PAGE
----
Genetically modified (GM) trees with increased photosynthesis capacity will soon appear in the southeastern United States. The idea of scientists is that fast-growing trees will become even more efficient at absorbing carbon dioxide from the atmosphere and help mitigate the climate crisis.
Photos from open sources
This project is being implemented by the Californian biotechnology company Living Carbon.
The start-up recently published a study with Oregon State University that says GM trees store 53 percent more biomass than their standard counterparts, resulting in 27 percent more carbon dioxide absorption.
This study was done in a greenhouse under laboratory conditions, but hybrid trees have recently made their first appearance in the real world. As the New York Times reports, a slew of GM poplar seedlings were planted in an active forest area in southern Georgia earlier this month.
In addition to the Georgia site, the company also says they have signed agreements with private landowners to plant their GM trees in more than 1,200 hectares of forest in the southeastern United States and the Appalachians.
“We have passed the point where cutting emissions alone will be enough to rebalance our ecosystems and stabilize our planet. Now is the time for large-scale carbon removal. Our goal is to reduce 2 percent of global emissions by 2050 using approximately 5 million hectares of land,” said Living Carbon co-founder and CEO Maddie Hall.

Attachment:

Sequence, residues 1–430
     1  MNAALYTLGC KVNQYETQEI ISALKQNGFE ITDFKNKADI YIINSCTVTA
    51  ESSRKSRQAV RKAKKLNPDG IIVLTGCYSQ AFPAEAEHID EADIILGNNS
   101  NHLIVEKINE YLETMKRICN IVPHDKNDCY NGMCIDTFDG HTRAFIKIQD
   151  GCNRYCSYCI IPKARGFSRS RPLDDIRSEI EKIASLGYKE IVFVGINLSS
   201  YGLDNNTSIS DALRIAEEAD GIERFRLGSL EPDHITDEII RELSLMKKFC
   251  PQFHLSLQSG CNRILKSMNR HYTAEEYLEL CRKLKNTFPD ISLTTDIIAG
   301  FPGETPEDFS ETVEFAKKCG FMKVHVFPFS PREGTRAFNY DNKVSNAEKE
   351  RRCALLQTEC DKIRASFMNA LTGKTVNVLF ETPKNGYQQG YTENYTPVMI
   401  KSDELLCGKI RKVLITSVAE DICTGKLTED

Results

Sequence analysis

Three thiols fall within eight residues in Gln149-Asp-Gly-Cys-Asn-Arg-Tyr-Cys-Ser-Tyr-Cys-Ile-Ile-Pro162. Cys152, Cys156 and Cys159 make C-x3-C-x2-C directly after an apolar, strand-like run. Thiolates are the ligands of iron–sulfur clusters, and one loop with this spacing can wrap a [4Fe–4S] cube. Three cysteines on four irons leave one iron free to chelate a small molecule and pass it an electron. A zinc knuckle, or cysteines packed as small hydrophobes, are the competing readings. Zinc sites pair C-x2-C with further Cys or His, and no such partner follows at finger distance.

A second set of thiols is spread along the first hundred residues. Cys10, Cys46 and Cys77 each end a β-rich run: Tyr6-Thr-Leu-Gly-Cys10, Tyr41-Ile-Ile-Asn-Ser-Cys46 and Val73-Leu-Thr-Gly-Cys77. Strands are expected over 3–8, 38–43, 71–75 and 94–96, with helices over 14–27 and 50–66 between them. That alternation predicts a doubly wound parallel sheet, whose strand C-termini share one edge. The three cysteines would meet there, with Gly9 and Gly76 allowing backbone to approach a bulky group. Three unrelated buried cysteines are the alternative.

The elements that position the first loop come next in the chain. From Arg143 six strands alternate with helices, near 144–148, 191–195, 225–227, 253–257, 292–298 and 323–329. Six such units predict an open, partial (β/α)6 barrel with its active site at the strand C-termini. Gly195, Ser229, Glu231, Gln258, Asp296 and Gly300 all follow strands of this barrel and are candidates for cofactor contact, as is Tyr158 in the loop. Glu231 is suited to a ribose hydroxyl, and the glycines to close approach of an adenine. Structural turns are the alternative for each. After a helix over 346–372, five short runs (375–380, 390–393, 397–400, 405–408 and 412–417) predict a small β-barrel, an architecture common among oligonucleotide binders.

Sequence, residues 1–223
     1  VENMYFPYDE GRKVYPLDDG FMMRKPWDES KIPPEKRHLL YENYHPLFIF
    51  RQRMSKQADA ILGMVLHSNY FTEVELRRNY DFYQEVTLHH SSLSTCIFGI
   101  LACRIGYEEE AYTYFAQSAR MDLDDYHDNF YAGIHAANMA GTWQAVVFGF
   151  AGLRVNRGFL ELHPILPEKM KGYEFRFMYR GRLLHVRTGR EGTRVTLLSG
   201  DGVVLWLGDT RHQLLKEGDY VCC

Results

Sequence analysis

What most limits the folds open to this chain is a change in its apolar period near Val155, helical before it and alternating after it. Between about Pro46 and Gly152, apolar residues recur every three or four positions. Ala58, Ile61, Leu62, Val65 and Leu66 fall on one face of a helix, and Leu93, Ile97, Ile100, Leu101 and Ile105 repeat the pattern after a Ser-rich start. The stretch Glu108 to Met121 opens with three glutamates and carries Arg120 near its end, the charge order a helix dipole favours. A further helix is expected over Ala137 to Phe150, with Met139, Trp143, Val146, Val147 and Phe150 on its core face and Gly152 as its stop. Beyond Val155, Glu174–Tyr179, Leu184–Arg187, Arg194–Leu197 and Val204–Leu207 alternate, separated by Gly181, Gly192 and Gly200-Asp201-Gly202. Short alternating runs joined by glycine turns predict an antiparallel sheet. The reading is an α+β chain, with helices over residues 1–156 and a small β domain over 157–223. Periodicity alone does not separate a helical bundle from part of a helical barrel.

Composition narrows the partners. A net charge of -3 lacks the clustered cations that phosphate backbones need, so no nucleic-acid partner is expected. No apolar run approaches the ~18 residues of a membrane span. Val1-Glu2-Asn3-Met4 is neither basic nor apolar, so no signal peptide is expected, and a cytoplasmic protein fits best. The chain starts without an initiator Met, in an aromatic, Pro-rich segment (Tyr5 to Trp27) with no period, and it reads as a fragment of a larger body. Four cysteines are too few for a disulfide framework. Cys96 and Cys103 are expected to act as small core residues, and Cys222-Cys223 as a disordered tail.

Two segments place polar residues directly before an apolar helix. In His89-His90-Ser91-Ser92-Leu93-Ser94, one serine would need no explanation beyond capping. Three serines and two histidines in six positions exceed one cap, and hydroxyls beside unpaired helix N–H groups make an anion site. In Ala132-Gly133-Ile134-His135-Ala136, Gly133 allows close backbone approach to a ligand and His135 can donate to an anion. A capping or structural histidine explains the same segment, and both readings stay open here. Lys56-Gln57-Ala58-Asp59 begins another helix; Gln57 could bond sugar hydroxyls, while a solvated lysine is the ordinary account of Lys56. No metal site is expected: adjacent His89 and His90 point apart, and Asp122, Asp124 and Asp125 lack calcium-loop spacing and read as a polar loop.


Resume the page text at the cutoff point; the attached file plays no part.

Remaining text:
“Today’s study is only the first step in demonstrating how ecological empowerment through the responsible use of biotechnology in trees can be a scalable and viable solution to the climate crisis,” she added.
GM trees work by increasing the natural ability of plants to photosynthesize more efficiently. With the help of the enzyme RuBisCO, plants and other photosynthetic organisms are able to absorb inorganic carbon (CO2) from the air and turn it into sugar for later use.
This process does not always go perfectly smoothly, and sometimes “defective” sugar chains containing oxygen molecules are formed. To remedy this, the plant undergoes photorespiration, which causes the plants to release some CO2 back into the atmosphere, wasting some of the energy generated by photosynthesis.
GM trees have been designed so that the harmful by-product is returned directly to the tree’s growth, thus wasting less energy. They acquire this ability through the addition of certain genes from plants and algae, which naturally have alternative photorespiration bypasses.
Genetic modification is often one of those hot topics of concern. Experts from the Global Justice environmental project opposed Living Carbon’s plans, arguing that the long-term risks associated with “GM trees, their pollen or seeds to forests, wildlife, or human health are unknown.”
For their part, Living Carbon claims to have taken many steps to reduce the risk of “unintended consequences” and believe there are many precautions in place. Whether this small company can make any significant contribution to the growing climate crisis or not is another matter.